Judy Chicago is an artist, author of 14 books, educator and humanist whose work and life are models for an enlarged definition of art, an expanded role for the artist and women’s rights to freedom of expression. Born in Chicago, Illinois, in 1939, she attended the Art Institute of Chicago and the University of California, Los Angeles. Chicago is best known for her role in creating a feminist art and education program in California during the early 1970s, and for her monumental work The Dinner Party, executed between 1974 and 1979, now housed at the Elizabeth A. Sackler Center for Feminist Art in the Brooklyn Museum. Over the subsequent decades, Chicago has approached a variety of subjects in a range of mediums, including the Birth Project; Power Play; the Holocaust Project: From Darkness into Light; and Resolutions: A Stitch in Time. Chicago’s work has been exhibited widely in the United States and internationally, and her continued influence has, in recent years, been increasingly acknowledged. In October 2019, the online Judy Chicago Portal which bridges Chicago’s archives housed in three separate institutions Penn State University (art education), the Arthur and Elizabeth Schlesinger Library on the History of Women in America (personal papers) and the Betty Boyd Dettre Library and Research Center at NMWA (visual) was launched.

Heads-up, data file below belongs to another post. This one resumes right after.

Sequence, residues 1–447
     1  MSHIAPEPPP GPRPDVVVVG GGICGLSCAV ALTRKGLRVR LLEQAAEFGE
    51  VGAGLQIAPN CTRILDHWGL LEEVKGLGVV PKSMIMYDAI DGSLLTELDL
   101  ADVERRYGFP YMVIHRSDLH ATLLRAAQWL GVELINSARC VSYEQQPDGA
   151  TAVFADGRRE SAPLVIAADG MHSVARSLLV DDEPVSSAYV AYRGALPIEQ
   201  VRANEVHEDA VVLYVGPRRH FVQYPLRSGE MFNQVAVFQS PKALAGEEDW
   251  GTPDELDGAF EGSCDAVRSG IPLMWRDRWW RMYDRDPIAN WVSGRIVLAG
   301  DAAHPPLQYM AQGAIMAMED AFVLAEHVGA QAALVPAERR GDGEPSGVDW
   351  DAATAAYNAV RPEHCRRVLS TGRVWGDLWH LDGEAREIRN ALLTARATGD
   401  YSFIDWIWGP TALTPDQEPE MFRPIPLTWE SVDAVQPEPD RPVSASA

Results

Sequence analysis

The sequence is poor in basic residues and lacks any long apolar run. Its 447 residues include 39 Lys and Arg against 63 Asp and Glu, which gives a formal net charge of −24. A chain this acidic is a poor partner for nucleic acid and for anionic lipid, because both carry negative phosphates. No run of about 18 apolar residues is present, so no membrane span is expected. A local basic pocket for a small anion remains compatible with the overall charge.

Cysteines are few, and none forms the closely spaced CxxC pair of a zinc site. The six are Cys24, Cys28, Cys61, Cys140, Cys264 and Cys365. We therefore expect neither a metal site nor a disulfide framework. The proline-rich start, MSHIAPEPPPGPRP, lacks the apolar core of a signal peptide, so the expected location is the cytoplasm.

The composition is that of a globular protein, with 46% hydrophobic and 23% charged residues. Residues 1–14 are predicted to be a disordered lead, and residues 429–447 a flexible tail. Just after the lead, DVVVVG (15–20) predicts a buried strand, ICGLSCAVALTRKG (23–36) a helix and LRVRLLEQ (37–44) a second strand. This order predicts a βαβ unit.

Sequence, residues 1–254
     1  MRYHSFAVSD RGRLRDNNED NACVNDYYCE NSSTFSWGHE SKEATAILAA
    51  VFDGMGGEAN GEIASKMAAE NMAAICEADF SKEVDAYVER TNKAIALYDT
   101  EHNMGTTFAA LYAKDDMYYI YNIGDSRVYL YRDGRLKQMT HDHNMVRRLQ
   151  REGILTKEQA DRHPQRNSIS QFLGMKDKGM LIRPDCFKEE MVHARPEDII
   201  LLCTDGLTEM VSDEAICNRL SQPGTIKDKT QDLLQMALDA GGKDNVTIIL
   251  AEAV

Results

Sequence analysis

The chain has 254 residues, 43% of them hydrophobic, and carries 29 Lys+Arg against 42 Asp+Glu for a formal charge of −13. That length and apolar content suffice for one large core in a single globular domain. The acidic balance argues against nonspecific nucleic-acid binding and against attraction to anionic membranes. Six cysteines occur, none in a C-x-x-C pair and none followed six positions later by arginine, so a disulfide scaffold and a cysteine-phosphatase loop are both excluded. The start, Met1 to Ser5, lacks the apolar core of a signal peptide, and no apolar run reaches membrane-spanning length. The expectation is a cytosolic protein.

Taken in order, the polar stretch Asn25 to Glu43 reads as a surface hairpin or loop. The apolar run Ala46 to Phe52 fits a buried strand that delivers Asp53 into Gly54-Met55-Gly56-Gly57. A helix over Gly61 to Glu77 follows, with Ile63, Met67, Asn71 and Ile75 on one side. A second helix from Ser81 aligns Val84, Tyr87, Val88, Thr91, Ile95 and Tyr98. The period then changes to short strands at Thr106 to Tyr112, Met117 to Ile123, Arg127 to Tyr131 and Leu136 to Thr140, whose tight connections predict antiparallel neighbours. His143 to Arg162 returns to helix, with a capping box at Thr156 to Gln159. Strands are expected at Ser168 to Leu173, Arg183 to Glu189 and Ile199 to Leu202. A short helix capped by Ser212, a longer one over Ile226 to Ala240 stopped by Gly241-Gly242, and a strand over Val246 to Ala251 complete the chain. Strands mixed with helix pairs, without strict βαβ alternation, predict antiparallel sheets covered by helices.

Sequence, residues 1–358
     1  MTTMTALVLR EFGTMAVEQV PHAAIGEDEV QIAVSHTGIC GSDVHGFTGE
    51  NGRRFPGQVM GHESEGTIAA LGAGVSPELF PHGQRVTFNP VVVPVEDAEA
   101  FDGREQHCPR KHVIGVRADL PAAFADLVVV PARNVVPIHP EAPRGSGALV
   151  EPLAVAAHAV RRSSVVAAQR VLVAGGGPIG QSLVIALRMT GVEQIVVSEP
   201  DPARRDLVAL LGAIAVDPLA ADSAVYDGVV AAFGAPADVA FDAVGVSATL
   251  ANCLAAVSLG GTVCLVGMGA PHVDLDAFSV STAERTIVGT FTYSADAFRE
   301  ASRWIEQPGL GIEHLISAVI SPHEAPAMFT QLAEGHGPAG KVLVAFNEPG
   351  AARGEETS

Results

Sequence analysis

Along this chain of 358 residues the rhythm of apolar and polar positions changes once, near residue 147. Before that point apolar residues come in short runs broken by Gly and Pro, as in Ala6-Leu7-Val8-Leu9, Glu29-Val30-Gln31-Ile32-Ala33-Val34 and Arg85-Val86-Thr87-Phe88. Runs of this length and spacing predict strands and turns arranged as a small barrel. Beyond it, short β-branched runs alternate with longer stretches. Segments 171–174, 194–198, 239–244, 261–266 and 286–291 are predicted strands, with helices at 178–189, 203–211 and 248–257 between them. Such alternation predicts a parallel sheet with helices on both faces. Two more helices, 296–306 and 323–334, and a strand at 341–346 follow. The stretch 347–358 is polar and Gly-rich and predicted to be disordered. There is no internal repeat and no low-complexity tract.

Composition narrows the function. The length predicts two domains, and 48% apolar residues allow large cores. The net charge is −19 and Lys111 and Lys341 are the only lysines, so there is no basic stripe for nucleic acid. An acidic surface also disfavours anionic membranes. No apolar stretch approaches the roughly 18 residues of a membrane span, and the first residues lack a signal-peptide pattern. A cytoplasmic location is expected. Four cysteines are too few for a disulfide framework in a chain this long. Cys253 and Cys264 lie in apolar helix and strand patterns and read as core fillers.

Contemporary Art at the de Young
Overseen by Claudia Schmuckli, the Fine Arts Museums’ Contemporary Art Program launched in 2016 to present the work of living artists in dialogue with the unique buildings and encyclopedic collections at the de Young and Legion of Honor. In the program’s first three years, installations by Carsten Nicolai/ Alva Noto, Hilary Lloyd, Leonardo Drew, DIS, Ranu Mukherjee, and Matt Mullican transformed the de Young’s Wilsey Court. At the Legion of Honor, Urs Fischer, Sarah Lucas, Lynn Hershman Leeson, and Julian Schnabel each presented exhibitions in dialogue with the Beaux-Arts building and the permanent collection of works by Auguste Rodin.

Visiting the de Young